A. Micro RNAs (miRs) are embedded in Argonaute proteins to form RISC complexes (RNA induced silencing complex). Binding of such RISCs to the 3’-UTR of mRNAs results in a downregulation of protein production, in part by blocking translation, in part by induced degradation of the bound mRNA. This mechanism is responsible for the fine-tuning of gene expression and affects a large number of human genes. A RISC complex charged with a specific miRNA (symbolized here by red color) would bind to the complementary “red” RNA sequence, not present in the mRNA example shown above. This mRNA, however, has a different binding site, symbolized by blue color. Adaptor 1 consists of a first oligonucleotide part which matches the RISC complex (“red”). The second part is complementary to the “blue” sequence of the mRNA. Thus, adaptor 1 mediates indirect binding to the 3’-UTR: the “red” RISC is redirected to the non-native “blue” binding site. Specifically, the 3’ end of adaptor 1 (“red”) binds to miR-20a while the 5’ end targets a sterically accessible site in the mRNA of the proto-oncogenic kinase PIM1 (“blue”; DNA nucleotides are represented by regular, LNA nucleotides by underlined letters).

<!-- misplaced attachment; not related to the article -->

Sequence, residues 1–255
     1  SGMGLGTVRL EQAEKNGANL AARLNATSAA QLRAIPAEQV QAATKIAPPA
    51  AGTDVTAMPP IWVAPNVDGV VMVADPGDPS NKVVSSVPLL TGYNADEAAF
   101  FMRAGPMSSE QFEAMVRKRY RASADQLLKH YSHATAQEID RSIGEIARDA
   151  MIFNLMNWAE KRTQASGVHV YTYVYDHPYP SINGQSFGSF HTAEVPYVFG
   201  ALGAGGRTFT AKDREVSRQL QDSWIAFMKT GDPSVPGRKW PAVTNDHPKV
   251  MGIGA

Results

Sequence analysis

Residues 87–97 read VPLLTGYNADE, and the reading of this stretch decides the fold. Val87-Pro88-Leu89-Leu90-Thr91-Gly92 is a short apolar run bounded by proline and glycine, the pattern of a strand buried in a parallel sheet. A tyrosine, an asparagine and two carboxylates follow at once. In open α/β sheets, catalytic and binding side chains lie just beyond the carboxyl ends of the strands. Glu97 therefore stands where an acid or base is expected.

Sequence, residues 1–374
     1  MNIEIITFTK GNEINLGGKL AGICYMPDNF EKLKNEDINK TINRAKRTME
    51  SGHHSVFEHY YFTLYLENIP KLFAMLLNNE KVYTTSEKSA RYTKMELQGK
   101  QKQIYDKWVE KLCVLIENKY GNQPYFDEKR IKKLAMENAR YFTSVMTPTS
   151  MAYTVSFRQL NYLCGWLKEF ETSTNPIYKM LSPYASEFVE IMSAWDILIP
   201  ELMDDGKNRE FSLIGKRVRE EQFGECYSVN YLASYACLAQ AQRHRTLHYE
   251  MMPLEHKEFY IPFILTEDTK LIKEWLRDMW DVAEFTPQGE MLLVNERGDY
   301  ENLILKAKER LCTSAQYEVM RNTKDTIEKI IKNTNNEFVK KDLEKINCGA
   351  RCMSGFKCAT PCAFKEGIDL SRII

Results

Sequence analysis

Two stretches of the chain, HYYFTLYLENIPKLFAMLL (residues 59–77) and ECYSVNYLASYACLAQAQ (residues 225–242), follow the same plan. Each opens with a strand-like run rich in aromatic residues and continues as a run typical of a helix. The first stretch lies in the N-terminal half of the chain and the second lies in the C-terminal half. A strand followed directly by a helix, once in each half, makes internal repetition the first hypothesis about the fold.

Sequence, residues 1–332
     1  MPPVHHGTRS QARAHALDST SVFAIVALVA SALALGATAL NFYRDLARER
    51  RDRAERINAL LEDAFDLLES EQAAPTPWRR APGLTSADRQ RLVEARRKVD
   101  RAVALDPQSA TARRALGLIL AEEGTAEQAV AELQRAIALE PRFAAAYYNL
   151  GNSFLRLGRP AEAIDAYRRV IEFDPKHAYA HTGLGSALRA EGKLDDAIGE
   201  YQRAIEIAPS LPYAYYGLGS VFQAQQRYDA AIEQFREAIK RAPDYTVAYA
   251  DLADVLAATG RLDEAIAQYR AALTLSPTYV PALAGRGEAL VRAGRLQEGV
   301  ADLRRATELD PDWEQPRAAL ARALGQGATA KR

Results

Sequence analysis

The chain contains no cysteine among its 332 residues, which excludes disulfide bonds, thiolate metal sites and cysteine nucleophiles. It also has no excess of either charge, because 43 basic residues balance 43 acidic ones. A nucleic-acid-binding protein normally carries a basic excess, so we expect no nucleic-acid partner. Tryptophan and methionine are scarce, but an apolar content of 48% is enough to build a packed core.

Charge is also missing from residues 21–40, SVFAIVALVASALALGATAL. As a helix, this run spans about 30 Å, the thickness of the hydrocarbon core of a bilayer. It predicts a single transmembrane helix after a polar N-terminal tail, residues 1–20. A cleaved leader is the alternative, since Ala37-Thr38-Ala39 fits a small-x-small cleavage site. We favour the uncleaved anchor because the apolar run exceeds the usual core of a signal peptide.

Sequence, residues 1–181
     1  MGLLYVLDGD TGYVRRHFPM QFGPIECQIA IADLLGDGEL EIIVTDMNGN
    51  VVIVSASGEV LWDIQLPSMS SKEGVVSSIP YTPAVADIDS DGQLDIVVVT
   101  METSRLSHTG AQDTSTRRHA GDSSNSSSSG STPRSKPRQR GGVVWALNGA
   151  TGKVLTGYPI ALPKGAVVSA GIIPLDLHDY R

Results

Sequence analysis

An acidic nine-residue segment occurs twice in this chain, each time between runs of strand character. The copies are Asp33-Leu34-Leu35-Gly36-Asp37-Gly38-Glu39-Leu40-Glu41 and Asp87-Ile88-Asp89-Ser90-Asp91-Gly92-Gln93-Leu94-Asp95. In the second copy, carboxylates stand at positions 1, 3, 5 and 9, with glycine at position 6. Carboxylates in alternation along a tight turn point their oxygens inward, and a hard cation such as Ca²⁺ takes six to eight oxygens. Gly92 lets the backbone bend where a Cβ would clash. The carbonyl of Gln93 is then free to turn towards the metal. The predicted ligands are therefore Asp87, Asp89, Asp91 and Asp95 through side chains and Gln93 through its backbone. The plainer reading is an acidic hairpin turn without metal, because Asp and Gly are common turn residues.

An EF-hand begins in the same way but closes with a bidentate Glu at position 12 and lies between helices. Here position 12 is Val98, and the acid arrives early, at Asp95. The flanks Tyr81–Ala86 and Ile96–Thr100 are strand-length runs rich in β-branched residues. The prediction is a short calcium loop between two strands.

B. The human transcription factor SP1 binds to a GC rich consensus sequence. Adaptor molecule 2 was synthesized to redirect this protein to a non-cognate site rich in AT. The adaptor consists of a DNA duplex (SP1 consensus sequence highlighted in yellow) and a DNA-binding hairpin polyamide. The problem of self-complexation was solved by eliminating all AT rich sequence elements from the DNA part of 2: the hairpin polyamide selectively binds to the minor groove of TTGTTA and related duplexes. Adaptor mediated recruitment of SP1 was demonstrated by pulldown experiments with a biotinylated capture DNA containing TTGTTA and subsequent western blots.
Site-directed crosslinking of RNA by quinone methides conjugated to PNA